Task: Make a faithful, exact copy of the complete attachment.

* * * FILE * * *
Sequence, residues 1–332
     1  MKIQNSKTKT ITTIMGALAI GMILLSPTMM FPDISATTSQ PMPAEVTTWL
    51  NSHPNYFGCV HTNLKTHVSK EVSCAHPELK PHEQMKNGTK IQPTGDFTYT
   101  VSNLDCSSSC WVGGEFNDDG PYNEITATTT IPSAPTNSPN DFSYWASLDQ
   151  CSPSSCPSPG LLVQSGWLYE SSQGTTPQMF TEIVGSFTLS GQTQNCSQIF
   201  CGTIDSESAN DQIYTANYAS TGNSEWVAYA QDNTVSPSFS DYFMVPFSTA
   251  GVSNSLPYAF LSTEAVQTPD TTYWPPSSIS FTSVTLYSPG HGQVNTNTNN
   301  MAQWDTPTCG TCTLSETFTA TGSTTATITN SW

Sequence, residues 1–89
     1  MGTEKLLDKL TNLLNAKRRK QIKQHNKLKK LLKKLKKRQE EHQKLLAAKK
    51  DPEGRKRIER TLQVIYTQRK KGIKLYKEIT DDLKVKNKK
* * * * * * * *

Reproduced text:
Sequence, residues 1–332
     1  MKIQNSKTKT ITTIMGALAI GMILLSPTMM FPDISATTSQ PMPAEVTTWL
    51  NSHPNYFGCV HTNLKTHVSK EVSCAHPELK PHEQMKNGTK IQPTGDFTYT
   101  VSNLDCSSSC WVGGEFNDDG PYNEITATTT IPSAPTNSPN DFSYWASLDQ
   151  CSPSSCPSPG LLVQSGWLYE SSQGTTPQMF TEIVGSFTLS GQTQNCSQIF
   201  CGTIDSESAN DQIYTANYAS TGNSEWVAYA QDNTVSPSFS DYFMVPFSTA
   251  GVSNSLPYAF LSTEAVQTPD TTYWPPSSIS FTSVTLYSPG HGQVNTNTNN
   301  MAQWDTPTCG TCTLSETFTA TGSTTATITN SW

Sequence, residues 1–89
     1  MGTEKLLDKL TNLLNAKRRK QIKQHNKLKK LLKKLKKRQE EHQKLLAAKK
    51  DPEGRKRIER TLQVIYTQRK KGIKLYKEIT DDLKVKNKK